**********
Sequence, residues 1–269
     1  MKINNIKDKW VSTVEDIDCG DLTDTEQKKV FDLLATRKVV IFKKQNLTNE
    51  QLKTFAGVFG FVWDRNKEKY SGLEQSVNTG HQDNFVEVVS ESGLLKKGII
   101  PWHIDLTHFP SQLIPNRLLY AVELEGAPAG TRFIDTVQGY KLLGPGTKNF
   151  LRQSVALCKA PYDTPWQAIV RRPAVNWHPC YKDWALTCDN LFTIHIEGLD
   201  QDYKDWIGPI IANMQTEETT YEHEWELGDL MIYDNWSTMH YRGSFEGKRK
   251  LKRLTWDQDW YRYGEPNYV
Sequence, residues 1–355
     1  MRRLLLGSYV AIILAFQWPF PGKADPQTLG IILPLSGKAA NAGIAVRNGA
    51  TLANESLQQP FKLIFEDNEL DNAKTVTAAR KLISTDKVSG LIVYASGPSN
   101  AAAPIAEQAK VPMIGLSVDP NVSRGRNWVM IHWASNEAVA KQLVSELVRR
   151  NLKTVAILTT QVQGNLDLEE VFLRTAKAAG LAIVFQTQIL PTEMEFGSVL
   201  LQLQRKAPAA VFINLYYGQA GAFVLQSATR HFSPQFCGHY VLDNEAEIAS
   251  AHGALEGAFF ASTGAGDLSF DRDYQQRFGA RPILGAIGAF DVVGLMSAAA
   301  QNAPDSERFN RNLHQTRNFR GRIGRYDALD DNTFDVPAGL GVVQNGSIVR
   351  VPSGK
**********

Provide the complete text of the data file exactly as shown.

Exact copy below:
Sequence, residues 1–269
     1  MKINNIKDKW VSTVEDIDCG DLTDTEQKKV FDLLATRKVV IFKKQNLTNE
    51  QLKTFAGVFG FVWDRNKEKY SGLEQSVNTG HQDNFVEVVS ESGLLKKGII
   101  PWHIDLTHFP SQLIPNRLLY AVELEGAPAG TRFIDTVQGY KLLGPGTKNF
   151  LRQSVALCKA PYDTPWQAIV RRPAVNWHPC YKDWALTCDN LFTIHIEGLD
   201  QDYKDWIGPI IANMQTEETT YEHEWELGDL MIYDNWSTMH YRGSFEGKRK
   251  LKRLTWDQDW YRYGEPNYV
Sequence, residues 1–355
     1  MRRLLLGSYV AIILAFQWPF PGKADPQTLG IILPLSGKAA NAGIAVRNGA
    51  TLANESLQQP FKLIFEDNEL DNAKTVTAAR KLISTDKVSG LIVYASGPSN
   101  AAAPIAEQAK VPMIGLSVDP NVSRGRNWVM IHWASNEAVA KQLVSELVRR
   151  NLKTVAILTT QVQGNLDLEE VFLRTAKAAG LAIVFQTQIL PTEMEFGSVL
   201  LQLQRKAPAA VFINLYYGQA GAFVLQSATR HFSPQFCGHY VLDNEAEIAS
   251  AHGALEGAFF ASTGAGDLSF DRDYQQRFGA RPILGAIGAF DVVGLMSAAA
   301  QNAPDSERFN RNLHQTRNFR GRIGRYDALD DNTFDVPAGL GVVQNGSIVR
   351  VPSGK